Blink Book Review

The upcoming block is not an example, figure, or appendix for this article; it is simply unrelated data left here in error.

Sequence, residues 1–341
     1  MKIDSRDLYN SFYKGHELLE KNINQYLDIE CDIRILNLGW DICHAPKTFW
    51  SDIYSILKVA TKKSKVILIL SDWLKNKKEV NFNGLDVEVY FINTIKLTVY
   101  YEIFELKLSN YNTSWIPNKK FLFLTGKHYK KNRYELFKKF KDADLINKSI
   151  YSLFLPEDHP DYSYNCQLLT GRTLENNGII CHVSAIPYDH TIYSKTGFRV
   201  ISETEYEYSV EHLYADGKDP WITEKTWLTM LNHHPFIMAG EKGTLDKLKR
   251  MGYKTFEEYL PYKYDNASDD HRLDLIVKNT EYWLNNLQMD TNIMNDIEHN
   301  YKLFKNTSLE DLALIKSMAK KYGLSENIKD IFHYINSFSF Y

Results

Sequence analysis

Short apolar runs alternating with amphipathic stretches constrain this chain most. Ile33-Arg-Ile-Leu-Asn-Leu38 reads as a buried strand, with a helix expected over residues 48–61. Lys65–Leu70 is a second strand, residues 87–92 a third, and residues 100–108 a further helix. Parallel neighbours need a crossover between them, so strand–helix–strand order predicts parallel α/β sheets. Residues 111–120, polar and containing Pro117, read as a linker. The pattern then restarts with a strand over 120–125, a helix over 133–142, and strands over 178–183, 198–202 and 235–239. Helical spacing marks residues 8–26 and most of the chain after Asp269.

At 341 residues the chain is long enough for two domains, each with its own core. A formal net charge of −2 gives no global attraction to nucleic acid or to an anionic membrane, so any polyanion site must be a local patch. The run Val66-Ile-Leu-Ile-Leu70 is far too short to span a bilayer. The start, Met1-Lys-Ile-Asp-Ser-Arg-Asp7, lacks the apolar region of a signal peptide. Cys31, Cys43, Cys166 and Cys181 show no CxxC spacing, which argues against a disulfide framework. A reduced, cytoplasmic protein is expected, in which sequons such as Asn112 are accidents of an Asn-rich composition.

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Blink: The Power of Thinking Without Thinking by Malcolm Gladwell is a self-reflection provoking book in which the author takes us by the hand and guides us through our mind on the unconscious side of things. To blink is to perform beyond the speed of light; a brief, rapid movement that is done in a quick flash and is typically unnoticeable. The book relates to this action through the examination of our minds and how we unknowingly react to high speed and on the spot situations. The thesis of the book is to convince a simple fact: that decisions made very quickly can be as good as or better than decisions made cautiously and deliberately. To blink is not only to trust our instincts and to go along with our best profound choices, but also the meaning of a blink is to judge things at a mere glance, in a split second. When we meet someone new, a complete stranger, we instantly judge them just based on their looks, their ethnicity, and what they wear, and we make a snap judgment. For instance when musicians audition for an orchestra, a screen must be blocking the judges from viewing the candidates. Without it, the selection committee is prone to make snap judgments based upon their appearance. As Gladwell said, “Some people look like they sound better than they actually sound, because they look confident and have good posture” (page 251). Our world and the cultures we’re exposed to have crammed our brains with constant generalizations and stereotypes about certain groups of people. This is one of the reasons our rapid cognition sometimes fails us – it relies on these stereotypes we’ve been primed to believe. Proof of this is any of the priming experiments Gladwell talked about, such as where students imagined being a professor prior to a test as opposed to imagining being a soccer player and scoring higher on the test after imagining being a professor (page 56). Our quick judgment also lacks subtlety and the definition of what we really want and our explanation of...
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